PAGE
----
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Friday, April 08, 2005

Pulitzer Prize for Blogging (Part One)

Without assistance from bloggers like Atrios, Attywood, and Crooks and Liars , I would not likely know just how upsetting the news business is for our friends Michelle Malkin and the fellows at Powerline. This week, for example, found Ms. Malkin and the Powerliners knicker-knotted over the Pulitzer Prizes awarded on Monday. Fortunately, the Pulitzer Committee has yet to designate a Prize for blogging, so Ms. Malkin et al. have ample time to polish their craft.

[NOTE: There is so much to sort out here that I have split this post into two sections. I’ll do my best to get the second part out later today.]

As Ms Malkin’s blog headline shouts, there is “CONTROVERSY OVER PULITZER-WINNING AP PHOTOS". There is controversy, too, because she is among those who are creating the controversy. After displaying one photo of the twenty that collectively captured for the Associated Press the Pulitzer Prize for breaking news photography, she states the nature of the disturbance and thoughtfully links to all of her chums who are a-twitter over the pictures at issue:


Via LGF's readers, we are reminded that the Belmont Club first raised troubling questions in December 2004 (here and here and here) about how exactly the AP photographer arrived at the scene.

Also wondering at the time about the AP's relationship with the pictured terrorists and the related media ethics issues/disclosure obligations involved were Power Line and Roger L. Simon (also here). See also Mudville Gazette and Joe Katzman for background.


She follows by providing “a key post from John Hinderaker at Power Line on Dec. 25 [that]sums up the outrage and highlights the AP's admission that its photographer was 'tipped off' and had a relationship with the terrorists.”

Almost. The Key Post sums up evidence that Mr. Hinderaker might have been eligible for an IEP* during his school years, because he has difficulty reading.

First, the AP never “admitted” that its photographer was “tipped off”. The words attributed to the AP, as Mr. Hinderaker posted, were that the photographer “was likely ‘tipped off to a demonstration that was supposed to take place on Haifa Street’”, and that the photographer “‘definitely would not have had foreknowledge’ of a violent event like an execution.”

Notwithstanding the comprehension errors Mr. Hinderaker incurred translating English to English, one should note that the AP non-admission came not from an AP spokesperson, but from an unnamed source at the AP “knowledgeable about the events [that led to the photographed insurgent action]”. All of us should appreciate the fact that Mr. Hinderaker, a “lawyer with a nationwide litigation practice,” has no concerns about the hearsay nature of (in Mr. Hinderaker’s words) “this anonymous comment from an AP spokesman”, since it comes from a Salon article defending the AP. At least we know that Mr. Hinderaker trusts Salon as an reliably credible source.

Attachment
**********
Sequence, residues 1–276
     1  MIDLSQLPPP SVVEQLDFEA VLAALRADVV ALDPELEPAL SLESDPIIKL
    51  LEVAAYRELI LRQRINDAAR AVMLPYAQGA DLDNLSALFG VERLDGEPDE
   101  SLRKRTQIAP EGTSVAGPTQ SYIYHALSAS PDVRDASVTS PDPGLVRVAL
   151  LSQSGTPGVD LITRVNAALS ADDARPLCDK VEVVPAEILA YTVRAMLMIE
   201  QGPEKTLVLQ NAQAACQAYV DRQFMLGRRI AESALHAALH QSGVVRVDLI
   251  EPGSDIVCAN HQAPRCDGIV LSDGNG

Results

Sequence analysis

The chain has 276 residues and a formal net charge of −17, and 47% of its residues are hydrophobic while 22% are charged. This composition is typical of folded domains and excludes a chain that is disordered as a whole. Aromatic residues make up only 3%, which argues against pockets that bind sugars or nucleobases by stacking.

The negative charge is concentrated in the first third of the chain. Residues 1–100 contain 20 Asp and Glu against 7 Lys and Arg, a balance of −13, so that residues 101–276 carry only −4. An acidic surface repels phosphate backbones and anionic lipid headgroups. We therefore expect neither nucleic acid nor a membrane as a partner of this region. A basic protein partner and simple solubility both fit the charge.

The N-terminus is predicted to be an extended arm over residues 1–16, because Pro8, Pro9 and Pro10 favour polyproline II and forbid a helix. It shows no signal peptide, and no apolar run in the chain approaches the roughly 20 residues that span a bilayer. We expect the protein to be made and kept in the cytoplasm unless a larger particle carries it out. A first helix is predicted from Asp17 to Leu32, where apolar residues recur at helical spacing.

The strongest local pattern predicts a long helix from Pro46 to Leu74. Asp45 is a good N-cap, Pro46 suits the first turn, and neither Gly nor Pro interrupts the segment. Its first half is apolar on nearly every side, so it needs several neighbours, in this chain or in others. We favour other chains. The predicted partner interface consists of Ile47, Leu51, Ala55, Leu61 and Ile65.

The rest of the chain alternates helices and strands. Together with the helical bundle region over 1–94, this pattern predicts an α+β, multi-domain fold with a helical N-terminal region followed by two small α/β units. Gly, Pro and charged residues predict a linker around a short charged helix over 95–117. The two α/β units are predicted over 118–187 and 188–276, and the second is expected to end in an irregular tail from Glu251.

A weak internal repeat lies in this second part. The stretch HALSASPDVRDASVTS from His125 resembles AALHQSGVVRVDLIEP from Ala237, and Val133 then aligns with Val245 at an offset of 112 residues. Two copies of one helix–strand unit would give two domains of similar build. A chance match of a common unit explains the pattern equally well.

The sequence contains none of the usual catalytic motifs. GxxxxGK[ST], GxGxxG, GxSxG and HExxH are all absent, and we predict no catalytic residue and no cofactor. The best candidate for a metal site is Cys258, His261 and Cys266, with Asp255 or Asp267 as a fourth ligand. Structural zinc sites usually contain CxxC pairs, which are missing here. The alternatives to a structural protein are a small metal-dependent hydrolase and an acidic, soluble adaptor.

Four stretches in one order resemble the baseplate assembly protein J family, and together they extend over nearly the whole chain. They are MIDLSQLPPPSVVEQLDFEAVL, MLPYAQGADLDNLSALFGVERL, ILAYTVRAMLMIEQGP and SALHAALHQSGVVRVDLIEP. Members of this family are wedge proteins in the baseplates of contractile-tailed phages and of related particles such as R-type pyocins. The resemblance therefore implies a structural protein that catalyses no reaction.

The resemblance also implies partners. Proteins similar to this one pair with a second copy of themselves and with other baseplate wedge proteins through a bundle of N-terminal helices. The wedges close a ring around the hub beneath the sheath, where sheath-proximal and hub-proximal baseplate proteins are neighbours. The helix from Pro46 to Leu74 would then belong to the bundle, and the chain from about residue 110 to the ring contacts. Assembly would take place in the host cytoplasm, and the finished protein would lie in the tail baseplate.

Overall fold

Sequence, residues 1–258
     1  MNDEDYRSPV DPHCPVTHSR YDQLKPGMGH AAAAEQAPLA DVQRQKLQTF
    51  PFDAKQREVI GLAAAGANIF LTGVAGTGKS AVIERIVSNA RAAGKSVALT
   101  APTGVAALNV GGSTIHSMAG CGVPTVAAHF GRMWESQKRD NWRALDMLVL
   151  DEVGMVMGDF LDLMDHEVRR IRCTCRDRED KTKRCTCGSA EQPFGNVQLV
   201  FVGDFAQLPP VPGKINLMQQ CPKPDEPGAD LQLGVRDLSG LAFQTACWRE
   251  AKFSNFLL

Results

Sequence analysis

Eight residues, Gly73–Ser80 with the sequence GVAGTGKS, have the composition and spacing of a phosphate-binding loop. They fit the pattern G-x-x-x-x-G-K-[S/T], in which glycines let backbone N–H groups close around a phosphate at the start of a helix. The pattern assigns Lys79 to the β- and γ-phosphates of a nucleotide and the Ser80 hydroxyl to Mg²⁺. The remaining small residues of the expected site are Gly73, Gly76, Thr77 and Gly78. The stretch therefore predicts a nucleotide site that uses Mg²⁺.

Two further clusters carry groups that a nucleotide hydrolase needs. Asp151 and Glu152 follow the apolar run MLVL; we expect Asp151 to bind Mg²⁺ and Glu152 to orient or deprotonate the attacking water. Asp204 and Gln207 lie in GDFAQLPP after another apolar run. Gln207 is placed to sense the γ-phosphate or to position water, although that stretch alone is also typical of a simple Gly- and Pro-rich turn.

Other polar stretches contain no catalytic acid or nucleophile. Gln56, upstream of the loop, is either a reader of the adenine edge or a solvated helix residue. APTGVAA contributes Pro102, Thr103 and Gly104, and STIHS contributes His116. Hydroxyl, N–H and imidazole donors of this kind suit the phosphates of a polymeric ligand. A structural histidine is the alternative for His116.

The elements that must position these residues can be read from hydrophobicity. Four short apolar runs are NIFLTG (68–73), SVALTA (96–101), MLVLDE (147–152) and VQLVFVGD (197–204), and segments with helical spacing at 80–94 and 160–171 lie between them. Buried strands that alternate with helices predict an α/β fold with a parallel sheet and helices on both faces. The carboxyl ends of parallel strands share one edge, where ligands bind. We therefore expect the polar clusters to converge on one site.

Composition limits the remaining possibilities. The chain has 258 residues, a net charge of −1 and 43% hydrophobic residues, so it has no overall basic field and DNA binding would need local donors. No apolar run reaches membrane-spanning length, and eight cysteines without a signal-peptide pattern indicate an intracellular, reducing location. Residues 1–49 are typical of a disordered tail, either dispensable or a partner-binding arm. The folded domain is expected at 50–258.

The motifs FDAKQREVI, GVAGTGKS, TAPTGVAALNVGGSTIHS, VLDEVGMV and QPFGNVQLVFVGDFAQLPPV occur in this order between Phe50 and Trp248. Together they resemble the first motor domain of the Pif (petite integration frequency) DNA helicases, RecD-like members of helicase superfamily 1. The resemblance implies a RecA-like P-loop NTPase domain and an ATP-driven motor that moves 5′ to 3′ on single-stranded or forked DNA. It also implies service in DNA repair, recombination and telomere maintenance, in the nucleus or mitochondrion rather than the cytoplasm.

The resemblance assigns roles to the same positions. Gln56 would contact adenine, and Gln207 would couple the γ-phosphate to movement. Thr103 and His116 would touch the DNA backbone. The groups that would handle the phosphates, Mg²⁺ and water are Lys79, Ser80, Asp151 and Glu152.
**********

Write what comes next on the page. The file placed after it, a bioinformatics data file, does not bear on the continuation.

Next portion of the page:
Second, the AP never “admitted” that the photographer had a “relationship with terrorists.” On this point Ms. Malkin misstates Mr. Hinderaker’s post. I’m certain that she has never previously made such a mistake, and will want to correct her error as soon as possible. Mr. Hinderaker actually said that the Associated Press had a relationship with terrorists (in fact, his post of 25 December 2004 is titled “AP Admits Relationship With Terrorists”).

Unfortunately, this differs from his conclusion in his own post, which is that the “AP is using photographers who have relationships with the terrorists”.

Mr. Hinderaker agitatedly reached that conclusion after reading a comment on the Poynter Online Forum . Characterizing the comment as an email to Jim Romenesko (and I have no reason to doubt him), Mr. H cited “another AP spokesman, this time Jack Stokes, the AP's director of media relations.” Of course, it can’t be another spokesman, because there was no first spokesman.

The damning non-admission?


Several brave Iraqi photographers work for The Associated Press in places that only Iraqis can cover. Many are covering the communities they live in where family and tribal relations give them access that would not be available to Western photographers, or even Iraqi photographers who are not from the area.

Insurgents want their stories told as much as other people and some are willing to let Iraqi photographers take their pictures. It's important to note, though, that the photographers are not "embedded" with the insurgents. They do not have to swear allegiance or otherwise join up philosophically with them just to take their pictures.


So, some local individuals who live in communities that might be less than open to strangers (parallel to someone with a New England accent trying to mingle with the locals in rural southwestern Oklahoma) are able get information from and pictures of other local individuals who just might see themselves as people with a different version of their circumstances. Or, as Mr.Hinderaker and Ms. Malkin creatively imagine, “several Iraqi photographers who work for the AP” equals “the AP” equals one specific (although, at the time of the discussions, unidentified) photographer in Iraq.

Visually, the Malkin-Hinderaker Equation would be

(several Iraqi photographers who work for the AP)= AP = one photographer

Mathematics is not their strong suit, either.



Part Two to follow...

* Individualized Education Plan, mandated by the Individuals with Disabilities Education Act